The ALJ must conduct the five-step inquiry without attempting to determine the impact of any substance addiction. 20 C.F.R. §§ 404.1535(a), 416.935(a). If the ALJ finds that the claimant is not disabled under the five-step inquiry, the claimant is not entitled to benefits, and there is no need to proceed with further analysis. Id. However, if the ALJ finds the claimant disabled and there is evidence of substance addiction, the ALJ must proceed under the sequential evaluation set forth in §§ 404.1535 and 416.935 to determine if the claimant would still be disabled absent the substance addiction. Bustamante v. Massanari, 262 F.3d 949, 955 (9th Cir. 2001). If a claimant is found disabled with the effects of substance addiction, it is the claimant's burden to prove substance addiction is not a contributing factor material to his disability. Parra v. Astrue, 481 F.3d 742, 748 (9th Cir. 2007). If the ALJ determines that the substance addiction is a contributing factor material to the claimant's disability, the claimant "shall not be considered to be disabled." 42 U.S.C. § 423(d)(2)(C); see 20 C.F.R. §§ 404.1535(b)(2), 416.935(b)(2).
B. THE ALJ'S APPLICATION OF THE FIVE-STEP PROCESS
In this case, at step one, the ALJ found that plaintiff had not engaged in any substantial gainful activity since his alleged disability onset date, June 2, 2006. [AR at 13.]*fn1 At step two, the ALJ concluded that plaintiff has the severe impairments of bipolar disorder, not otherwise specified, and polysubstance abuse. [Id.] At step three, the ALJ determined that plaintiff's impairments do not meet or equal any of the impairments in the Listing. [Id.] The ALJ further found that based on all of plaintiff's impairments, including the substance abuse disorders, plaintiff retains the residual functional capacity ("RFC")*fn2 to perform a full range of work at all exertional levels, but with the following non-exertional limitations: no contact with the public; no more than superficial business-related contact with co-workers and supervisors; needs supervision to be reminded to stay on task every couple of hours; simple repetitive tasks; no deviation throughout the workday; no hypervigilance; no fast-paced work like a rapid assembly line; no work around dangerous machinery; not responsible for the safety of others; no operation of vehicles; and plaintiff would miss more than two days of work per month. At step four, the ALJ concluded that, based on this RFC, plaintiff is unable to perform his past relevant work. [AR at 14.] At step five, the ALJ found, relying on the Medical-Vocational Guidelines, that considering plaintiff's age, education, work experience, and RFC based on all of his impairments, there are no jobs that exist in significant numbers in the national economy that plaintiff can perform. [AR at 15.] However, the ALJ also found that if plaintiff stopped his substance abuse, his remaining impairments would not meet or equal any of the impairments in the Listing, but he would retain the same RFC as when his substance abuse is considered -- with the exception that he would not miss more than two days of work per month. [AR at 16.] The ALJ further found that if plaintiff stopped the substance abuse, he would be able to perform his past relevant work as a hand packager. Under 20 C.F.R. §§ 404.1535 and 416.935, the ALJ concluded that because plaintiff would not be disabled if he stopped the substance abuse, his substance abuse disorder is a contributing factor material to the determination of disability, and therefore he has not been disabled from June 2, 2006, to April 6, 2010, the date of the decision. [AR at 18.]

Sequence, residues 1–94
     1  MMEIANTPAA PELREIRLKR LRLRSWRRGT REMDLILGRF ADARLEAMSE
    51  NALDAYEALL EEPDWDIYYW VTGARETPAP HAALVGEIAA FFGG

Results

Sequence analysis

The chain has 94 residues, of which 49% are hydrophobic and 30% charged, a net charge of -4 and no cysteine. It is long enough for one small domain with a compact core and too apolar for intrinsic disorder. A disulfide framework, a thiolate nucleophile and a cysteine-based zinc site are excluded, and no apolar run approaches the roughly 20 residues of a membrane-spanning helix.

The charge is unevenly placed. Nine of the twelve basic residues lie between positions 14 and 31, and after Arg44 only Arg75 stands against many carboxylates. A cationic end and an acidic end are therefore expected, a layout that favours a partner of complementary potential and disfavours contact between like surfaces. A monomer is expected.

V. THE ALJ'S DECISION Plaintiff contends that the ALJ improperly: (1) failed to consider plaintiff's substance abuse in determining his ability to perform his past relevant work; (2) rejected the lay testimony of plaintiff's father; (3) discounted plaintiff's credibility; and (4) rejected the psychological expert's testimony that plaintiff cannot carry out detailed instructions. [Joint Stipulation ("JS") at 5.] As set forth below, the Court agrees with plaintiff, in part, and remands the matter for further proceedings.
A. PLAINTIFF'S RFC AND PAST RELEVANT WORK
Plaintiff contends that the ALJ improperly disregarded plaintiff's substance abuse when posing a hypothetical question to the vocational expert ("VE"). Plaintiff argues that the ALJ's reliance on the VE's resulting testimony to find that plaintiff can perform his past relevant work as a hand packager therefore is not supported by substantial evidence. [JS at 5-7.]